In high school, I was a starter as a defender, on my school’s, Cambridge Rindge and Latin (CRLS), soccer team, and later transitioned to midfield. Trying out for the team was a heavy challenge, where we had to complete 12 laps on the field’s track (the center field at Danehy Park, that CRLS used for home games and most of the time for practice) in a short amount of time. Even after making the team, the new requirements for midfield were another challenge. Midfield required me to keep my head up and aware, to pass to my teammates as well as still play defense if my team needed it. This required new effort, but it also gave me new self esteem, as I was able to accomplish new challenges that seemed daunting to me at first. Being on this team, from Freshman to Junior year, was exciting, and brought on an event, in my Sophomore year, which is now my favorite memory of playing soccer.
I was a starter in a game, playing midfield, and the ball came to me, and I looked up, seeing that I had some time; I was at the half field line, and found some comfort in kicking the ball a few paces, thinking about what I should do… All of a sudden, I felt an inspiration to kick the ball, and I just let that feeling guide me as I gave everything I had at that moment to kick the ball. I saw it leave my foot, and it soared far over all of the other players and curled smoothly into the upper left side of the other team’s goal, as their keeper dove as far as he could to try to stop the goal. That experience helps me find hope and confidence in myself when I am going through moments of depression or low self esteem, when I feel like I can’t do anything good enough or it’s just not worth trying. I think it is important for people to make note, and remember, those moments in their lives, when they did something that helped them feel good about themselves, when they accomplished something that made them feel really proud – especially when combatting moments of sadness or hopelessness.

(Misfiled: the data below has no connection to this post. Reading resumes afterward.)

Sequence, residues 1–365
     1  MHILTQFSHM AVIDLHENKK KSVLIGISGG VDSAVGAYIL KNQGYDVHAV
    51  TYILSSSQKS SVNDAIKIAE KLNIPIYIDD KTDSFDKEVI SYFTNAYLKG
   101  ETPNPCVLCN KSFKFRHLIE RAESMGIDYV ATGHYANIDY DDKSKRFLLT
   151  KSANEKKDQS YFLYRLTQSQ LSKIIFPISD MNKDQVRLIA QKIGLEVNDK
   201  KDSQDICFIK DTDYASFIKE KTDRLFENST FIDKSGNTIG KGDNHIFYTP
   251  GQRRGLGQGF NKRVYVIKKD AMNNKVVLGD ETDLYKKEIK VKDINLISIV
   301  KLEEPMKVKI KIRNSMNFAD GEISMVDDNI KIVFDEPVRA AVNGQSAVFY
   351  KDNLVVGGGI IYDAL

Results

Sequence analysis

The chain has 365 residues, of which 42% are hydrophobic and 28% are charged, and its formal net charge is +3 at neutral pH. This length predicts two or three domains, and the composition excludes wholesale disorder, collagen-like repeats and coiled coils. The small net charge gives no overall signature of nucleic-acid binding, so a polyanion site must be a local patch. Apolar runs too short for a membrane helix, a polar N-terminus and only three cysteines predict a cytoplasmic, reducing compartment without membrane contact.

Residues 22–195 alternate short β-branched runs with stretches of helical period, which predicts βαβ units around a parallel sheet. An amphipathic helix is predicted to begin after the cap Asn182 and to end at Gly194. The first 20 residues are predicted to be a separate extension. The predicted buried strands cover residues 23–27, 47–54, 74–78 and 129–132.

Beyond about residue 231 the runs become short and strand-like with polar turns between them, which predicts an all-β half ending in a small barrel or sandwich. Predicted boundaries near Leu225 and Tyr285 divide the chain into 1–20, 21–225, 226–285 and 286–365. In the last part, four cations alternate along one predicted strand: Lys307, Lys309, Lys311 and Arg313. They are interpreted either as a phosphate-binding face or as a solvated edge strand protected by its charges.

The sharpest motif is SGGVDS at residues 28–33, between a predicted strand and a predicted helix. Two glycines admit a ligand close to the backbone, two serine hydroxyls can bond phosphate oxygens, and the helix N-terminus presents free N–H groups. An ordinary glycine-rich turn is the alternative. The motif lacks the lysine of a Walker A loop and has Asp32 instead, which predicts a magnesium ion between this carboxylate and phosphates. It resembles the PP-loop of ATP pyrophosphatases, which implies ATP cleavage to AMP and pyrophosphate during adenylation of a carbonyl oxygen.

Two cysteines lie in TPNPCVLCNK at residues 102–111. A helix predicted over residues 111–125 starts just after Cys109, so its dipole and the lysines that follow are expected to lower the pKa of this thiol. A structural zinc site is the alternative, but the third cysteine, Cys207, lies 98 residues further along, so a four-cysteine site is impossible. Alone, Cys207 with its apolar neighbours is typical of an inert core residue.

And yet, something changed during my senior year of high school. I think it was mainly through my increasing use of substances – that I’d done to try and socialize and have fun and feel confident with other kids – that really brought me down. I became isolated and angry, and doubtful of even my family and friends. Out of nowhere, I decided to stop playing soccer – my only source of fitness. It wasn’t all terrible… I joined the dance club, and was able to perform for the school in their modern dance performance; I was still playing music with friends, and even writing my own songs; I was also winning awards in acting competitions. However, another result of my symptoms, which now I am certain came from substance abuse, was that I decided not to join the school’s theatre department in that year’s play, the play that they were taking to the Massachusetts High School Drama Guild’s Theatre Competition (something that, since Freshman year, had been a main point of every year for me). My symptoms were taking over, and I began to become skeptical of everyone around me, antisocial, introverted, and angry.
This only increased during my first year of college, and led me quickly to make a decision to drop out. I wasn’t playing soccer, and I wasn’t exercising in any way. I tried my skills in the professional acting world, but dropped out of that too. I stopped communicating with friends and family, and, all of this doubt in the world and anger of things not going my way and lack of trust in people who could have helped me, led me to attempt suicide. The first thing I remember, after waking up in hospital, is seeing my mom; and that was a very appropriate experience, because it was mainly through her advice and encouragement that I began to incorporate fitness into my life, again, in other ways.